Catalyst (Star Wars)

A Rogue One Novel


Mass Market Paperback

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November 15, 2016 | ISBN 9780451486196

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November 15, 2016 | ISBN 9781101967010

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About the Book

NEW YORK TIMES BESTSELLER • Lauded Star Wars author James Luceno returns to pen an intense tale of ambition and betrayal that sets the stage for Rogue One: A Star Wars Story

War is tearing the galaxy apart. For years the Republic and the Separatists have battled across the stars, each building more and more deadly technology in an attempt to win the war. As a member of Chancellor Palpatine’s top-secret Death Star project, Orson Krennic is determined to develop a superweapon before the Republic’s enemies can. And an old friend of Krennic’s, the brilliant scientist Galen Erso, could be the key.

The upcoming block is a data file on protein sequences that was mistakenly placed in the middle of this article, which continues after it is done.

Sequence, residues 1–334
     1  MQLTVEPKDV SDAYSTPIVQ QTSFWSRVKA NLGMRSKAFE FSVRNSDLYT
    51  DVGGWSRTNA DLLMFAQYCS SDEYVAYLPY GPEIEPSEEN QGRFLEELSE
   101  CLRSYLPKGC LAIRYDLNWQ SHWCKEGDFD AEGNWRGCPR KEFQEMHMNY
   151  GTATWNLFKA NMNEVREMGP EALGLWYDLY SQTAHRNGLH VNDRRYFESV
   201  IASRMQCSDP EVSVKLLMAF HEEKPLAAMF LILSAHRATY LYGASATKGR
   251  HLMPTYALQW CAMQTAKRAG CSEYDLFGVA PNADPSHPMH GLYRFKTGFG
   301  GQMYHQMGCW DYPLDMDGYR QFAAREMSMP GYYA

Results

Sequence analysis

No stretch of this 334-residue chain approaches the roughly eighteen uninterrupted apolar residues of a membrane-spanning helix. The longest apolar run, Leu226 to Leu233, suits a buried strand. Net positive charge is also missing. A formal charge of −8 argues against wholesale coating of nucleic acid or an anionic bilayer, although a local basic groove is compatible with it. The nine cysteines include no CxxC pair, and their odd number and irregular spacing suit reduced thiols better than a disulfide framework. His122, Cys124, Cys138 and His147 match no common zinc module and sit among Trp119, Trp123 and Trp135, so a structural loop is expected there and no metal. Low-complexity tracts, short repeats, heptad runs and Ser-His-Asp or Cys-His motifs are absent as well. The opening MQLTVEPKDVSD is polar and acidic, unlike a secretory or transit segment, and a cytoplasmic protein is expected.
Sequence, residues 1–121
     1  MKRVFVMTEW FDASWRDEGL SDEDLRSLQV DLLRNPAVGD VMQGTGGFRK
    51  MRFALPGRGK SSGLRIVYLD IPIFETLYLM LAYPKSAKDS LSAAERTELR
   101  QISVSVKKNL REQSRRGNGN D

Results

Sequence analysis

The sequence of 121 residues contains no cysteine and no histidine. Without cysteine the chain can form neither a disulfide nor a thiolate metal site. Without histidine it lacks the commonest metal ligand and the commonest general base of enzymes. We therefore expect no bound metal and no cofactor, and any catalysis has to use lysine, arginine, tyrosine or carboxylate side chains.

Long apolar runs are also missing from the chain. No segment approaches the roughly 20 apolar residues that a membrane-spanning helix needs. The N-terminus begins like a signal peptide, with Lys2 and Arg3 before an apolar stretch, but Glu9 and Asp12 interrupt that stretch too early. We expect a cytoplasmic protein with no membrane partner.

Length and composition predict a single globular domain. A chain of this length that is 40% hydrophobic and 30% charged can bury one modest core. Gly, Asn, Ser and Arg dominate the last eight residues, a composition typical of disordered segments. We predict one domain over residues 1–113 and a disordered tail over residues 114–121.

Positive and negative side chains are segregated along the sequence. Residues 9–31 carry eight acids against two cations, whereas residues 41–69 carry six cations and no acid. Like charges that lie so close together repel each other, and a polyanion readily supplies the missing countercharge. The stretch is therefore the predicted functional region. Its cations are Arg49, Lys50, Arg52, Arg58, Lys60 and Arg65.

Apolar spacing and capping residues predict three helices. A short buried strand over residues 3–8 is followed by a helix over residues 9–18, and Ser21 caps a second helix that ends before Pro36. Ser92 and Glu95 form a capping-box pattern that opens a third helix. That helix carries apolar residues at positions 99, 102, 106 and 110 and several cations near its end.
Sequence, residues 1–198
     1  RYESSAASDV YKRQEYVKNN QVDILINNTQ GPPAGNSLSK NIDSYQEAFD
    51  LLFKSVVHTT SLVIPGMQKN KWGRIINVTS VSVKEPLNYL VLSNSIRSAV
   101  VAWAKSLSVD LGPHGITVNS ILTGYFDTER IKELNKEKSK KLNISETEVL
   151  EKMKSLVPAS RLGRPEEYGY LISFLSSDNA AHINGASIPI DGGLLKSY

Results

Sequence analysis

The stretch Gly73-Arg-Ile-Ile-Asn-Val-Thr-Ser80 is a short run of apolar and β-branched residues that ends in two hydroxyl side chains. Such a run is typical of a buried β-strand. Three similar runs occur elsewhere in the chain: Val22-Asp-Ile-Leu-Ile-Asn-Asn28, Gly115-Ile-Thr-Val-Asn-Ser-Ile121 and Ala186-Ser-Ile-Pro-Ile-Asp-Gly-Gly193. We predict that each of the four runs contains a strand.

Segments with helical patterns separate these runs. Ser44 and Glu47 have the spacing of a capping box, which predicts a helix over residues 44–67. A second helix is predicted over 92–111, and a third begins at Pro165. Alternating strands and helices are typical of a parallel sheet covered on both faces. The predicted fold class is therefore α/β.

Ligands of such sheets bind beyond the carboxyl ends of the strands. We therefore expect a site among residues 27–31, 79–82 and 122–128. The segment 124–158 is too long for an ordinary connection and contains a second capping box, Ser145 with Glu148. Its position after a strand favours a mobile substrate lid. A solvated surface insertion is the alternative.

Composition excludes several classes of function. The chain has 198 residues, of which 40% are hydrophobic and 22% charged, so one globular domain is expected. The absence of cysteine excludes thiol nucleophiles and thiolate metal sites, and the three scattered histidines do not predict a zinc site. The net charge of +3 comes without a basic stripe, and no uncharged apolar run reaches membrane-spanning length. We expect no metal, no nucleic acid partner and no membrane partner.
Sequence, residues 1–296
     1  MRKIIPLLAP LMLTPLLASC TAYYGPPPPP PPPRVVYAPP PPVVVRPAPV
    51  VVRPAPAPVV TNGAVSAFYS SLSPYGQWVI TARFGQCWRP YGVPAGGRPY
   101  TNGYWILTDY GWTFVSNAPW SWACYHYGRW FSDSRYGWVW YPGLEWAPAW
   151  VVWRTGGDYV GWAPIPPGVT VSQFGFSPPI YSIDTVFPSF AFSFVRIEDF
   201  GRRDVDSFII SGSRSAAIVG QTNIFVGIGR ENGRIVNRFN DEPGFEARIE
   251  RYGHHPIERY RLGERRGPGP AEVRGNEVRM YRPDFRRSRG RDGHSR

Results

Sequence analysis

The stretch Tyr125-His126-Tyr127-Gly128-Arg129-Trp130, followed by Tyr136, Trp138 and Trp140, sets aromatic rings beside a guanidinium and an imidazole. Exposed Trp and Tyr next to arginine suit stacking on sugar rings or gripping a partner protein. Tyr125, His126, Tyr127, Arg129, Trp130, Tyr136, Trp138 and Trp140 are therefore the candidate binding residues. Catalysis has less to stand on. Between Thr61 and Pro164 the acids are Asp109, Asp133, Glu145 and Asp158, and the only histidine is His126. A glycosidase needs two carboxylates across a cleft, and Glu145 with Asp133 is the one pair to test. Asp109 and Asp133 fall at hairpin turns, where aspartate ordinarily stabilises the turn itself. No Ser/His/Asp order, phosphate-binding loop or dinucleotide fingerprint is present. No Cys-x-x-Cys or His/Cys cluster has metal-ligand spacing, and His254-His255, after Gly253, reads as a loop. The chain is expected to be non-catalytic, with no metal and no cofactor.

Galen’s energy-focused research has captured the attention of both Krennic and his foes, making the scientist a crucial pawn in the galactic conflict. But after Krennic rescues Galen; his wife, Lyra; and their young daughter, Jyn, from Separatist kidnappers, the Erso family is deeply in Krennic’s debt. Krennic then offers Galen an extraordinary opportunity: to continue his scientific studies with every resource put utterly at his disposal. While Galen and Lyra believe that his energy research will be used purely in altruistic ways, Krennic has other plans that will finally make the Death Star a reality. Trapped in their benefactor’s tightening grasp, the Ersos must untangle Krennic’s web of deception to save themselves—and the entire galaxy.